We continue to share some of the books nominated by local readers for One Read 2017.
Books that have ties to Missouri are often suggested for our community-wide reading program, but occasionally some are sneaky in that their relationship to our state is not immediately apparent. “Mrs. Hemingway” by Naomi Wood is one such novel.
The story of Ernest Hemingway is interesting, but perhaps not quite as interesting as his four wives. As the nominator explains, “the narrative is told in the voices of the four wives, and the settings include the United States, Europe and the Caribbean.” With one wife having been a St. Louis native, another wife a graduate of the University of Missouri School of Journalism and a son having been born in Kansas City, Hemingway did seem to have an unusual number of Missouri connections.
Remember to take a look at some of the other titles nominated for One Read 2017.
Today is the final day the Daniel Boone Regional Library will be accepting nominations for the 2017 One Read book! Make your suggestion at any of our branches, on the bookmobile or online.
In January, a reading panel will consider all of the books nominated. In the meantime, we are highlighting some of your suggestions here at oneread.org.
We received more than one nomination for “The Underground Railroad” by Colson Whitehead, which won this year’s National Book Award for fiction. One nominator quotes the book’s publisher in describing the book as “a magnificent tour de force chronicling a young slave’s adventures as she makes a desperate bid for freedom in the antebellum South. The author creates a scenario in which the underground railroad was a physical thing.” Another nominator calls it “a moving, tense, thought-provoking and important book.”
What one book tells a story you think the whole community should know and discuss? Today is your final chance to let us know!
All month Daniel Boone Regional Library is taking your nominations for One Read 2017 and highlighting some of the suggestions we’ve received so far.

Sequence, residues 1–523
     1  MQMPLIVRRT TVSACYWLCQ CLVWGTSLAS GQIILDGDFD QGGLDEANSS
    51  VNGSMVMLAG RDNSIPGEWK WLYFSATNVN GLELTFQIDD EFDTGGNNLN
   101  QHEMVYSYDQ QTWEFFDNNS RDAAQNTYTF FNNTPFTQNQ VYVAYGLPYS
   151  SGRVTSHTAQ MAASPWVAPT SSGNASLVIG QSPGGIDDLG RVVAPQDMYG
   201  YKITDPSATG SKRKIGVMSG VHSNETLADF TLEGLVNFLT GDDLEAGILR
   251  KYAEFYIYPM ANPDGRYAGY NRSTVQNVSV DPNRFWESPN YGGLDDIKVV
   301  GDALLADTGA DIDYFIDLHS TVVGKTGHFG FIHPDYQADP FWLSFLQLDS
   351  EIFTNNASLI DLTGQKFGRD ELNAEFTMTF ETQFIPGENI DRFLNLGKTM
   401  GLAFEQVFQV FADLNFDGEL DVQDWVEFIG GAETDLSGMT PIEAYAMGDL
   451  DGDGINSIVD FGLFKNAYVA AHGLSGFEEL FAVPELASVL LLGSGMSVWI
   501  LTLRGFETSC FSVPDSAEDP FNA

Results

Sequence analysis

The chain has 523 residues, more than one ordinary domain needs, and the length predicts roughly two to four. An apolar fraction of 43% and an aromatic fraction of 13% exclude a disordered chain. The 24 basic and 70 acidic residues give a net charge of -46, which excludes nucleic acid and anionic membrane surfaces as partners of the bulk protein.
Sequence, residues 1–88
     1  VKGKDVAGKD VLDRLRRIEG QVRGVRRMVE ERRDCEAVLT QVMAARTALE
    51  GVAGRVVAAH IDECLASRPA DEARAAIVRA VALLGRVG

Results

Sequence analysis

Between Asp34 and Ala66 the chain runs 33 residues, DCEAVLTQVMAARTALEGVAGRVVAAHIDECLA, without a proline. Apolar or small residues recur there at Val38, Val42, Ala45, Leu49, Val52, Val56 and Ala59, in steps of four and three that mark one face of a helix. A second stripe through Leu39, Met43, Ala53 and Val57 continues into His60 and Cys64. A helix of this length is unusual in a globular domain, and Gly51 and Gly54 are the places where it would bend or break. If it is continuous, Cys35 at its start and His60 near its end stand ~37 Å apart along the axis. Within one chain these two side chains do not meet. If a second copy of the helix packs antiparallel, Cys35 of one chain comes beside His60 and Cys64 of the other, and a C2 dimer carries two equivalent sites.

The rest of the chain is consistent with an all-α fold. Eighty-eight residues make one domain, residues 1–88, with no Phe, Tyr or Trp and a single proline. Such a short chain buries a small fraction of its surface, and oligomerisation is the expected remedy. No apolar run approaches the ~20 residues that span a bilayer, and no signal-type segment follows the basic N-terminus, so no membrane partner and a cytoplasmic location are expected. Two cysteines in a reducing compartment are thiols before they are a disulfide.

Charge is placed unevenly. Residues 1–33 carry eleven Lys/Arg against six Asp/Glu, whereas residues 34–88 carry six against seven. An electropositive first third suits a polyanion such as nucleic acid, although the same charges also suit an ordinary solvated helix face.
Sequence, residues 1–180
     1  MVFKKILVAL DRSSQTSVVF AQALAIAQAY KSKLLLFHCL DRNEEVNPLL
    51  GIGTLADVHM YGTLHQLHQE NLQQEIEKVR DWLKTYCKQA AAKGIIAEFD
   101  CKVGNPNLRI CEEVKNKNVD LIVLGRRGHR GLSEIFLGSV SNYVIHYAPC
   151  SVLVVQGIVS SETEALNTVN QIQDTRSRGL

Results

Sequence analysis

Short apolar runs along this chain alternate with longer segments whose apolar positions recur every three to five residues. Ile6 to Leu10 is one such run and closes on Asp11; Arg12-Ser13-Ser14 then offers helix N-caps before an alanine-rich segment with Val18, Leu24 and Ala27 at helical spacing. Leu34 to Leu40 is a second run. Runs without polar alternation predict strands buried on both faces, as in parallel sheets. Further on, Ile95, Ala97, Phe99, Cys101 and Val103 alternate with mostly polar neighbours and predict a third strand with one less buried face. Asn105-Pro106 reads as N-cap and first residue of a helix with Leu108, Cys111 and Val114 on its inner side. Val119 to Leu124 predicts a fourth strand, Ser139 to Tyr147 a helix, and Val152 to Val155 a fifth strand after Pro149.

An area reader nominated “Jam on the Vine” by LaShonda Barnett. This novel follows the story of Ivoe Williams, an African American woman journalist, through the start of the twentieth century. Our nominator writes: “It’s a historical fiction about what it’s like to be a queer black woman struggling to be a journalist during Jim Crow and starting her own newspaper to address issues of racism, much like Ida B. Wells. An ode to activism that is important for our time. [This novel would be] good for starting conversations on the history of racism locally, given that part of it takes place in Kansas City. It’s always important to have strong female characters to encourage young folks who identify as girls that they can achieve their goals and dreams despite and in spite of all the roadblocks.”
Have a suggestion of your own? You still have a few days to let us know what you think our community should read in 2017 by filling out a suggestion form at any of our branches, the bookmobile, or online at oneread.org.
We are currently taking your suggestions for our 2017 One Read title, and we’ll be highlighting some of these books here at oneread.org so you can see what other community members are reading and enjoying. All of these titles will be considered by our reading panel as they begin narrowing the list of suggestions. Let us know what you think our community should read in 2017 by filling out a suggestion form at any of our branches, the bookmobile or online at oneread.org by November 30.
First up is the stunning “Homegoing” by Yaa Gyasi. Our nominator writes, “[This book] gives a history to those forcibly brought to the U.S. during the transatlantic slave trade and the generations that followed, as well as those who immigrated to the U.S. later. Powerful read. Beautifully written. Important part of U.S. history for everyone to understand from a personal, emotional human perspective.”
What one book do you think our community should read together in 2017? Nominate a book today!
Nominations for our 2016 One Read book are now closed, but we will be highlighting some of the more than 100 suggested titles throughout the month so you can check out what your fellow mid-Missourians are reading and recommending.
Next up is “All the Light We Cannot See” by Anthony Doerr. Winner of the 2015 Pulitzer Prize for fiction, this ambitious and beautiful novel weaves the stories of a blind French girl and a German boy whose paths finally collide in occupied France as both try to survive the devastation of World War II.
This work of fiction received more than one nomination. One reader says, “This historical novel humanizes the experience of those who lived through WWII in Europe and speaks to the power of technology and the strength of the human spirit.” Another nominator writes, “[The book] is luminously written. And it is about the goodness that is in us at times when all around us there is hate and pain.”
See some of the other titles that have been nominated for One Read 2016.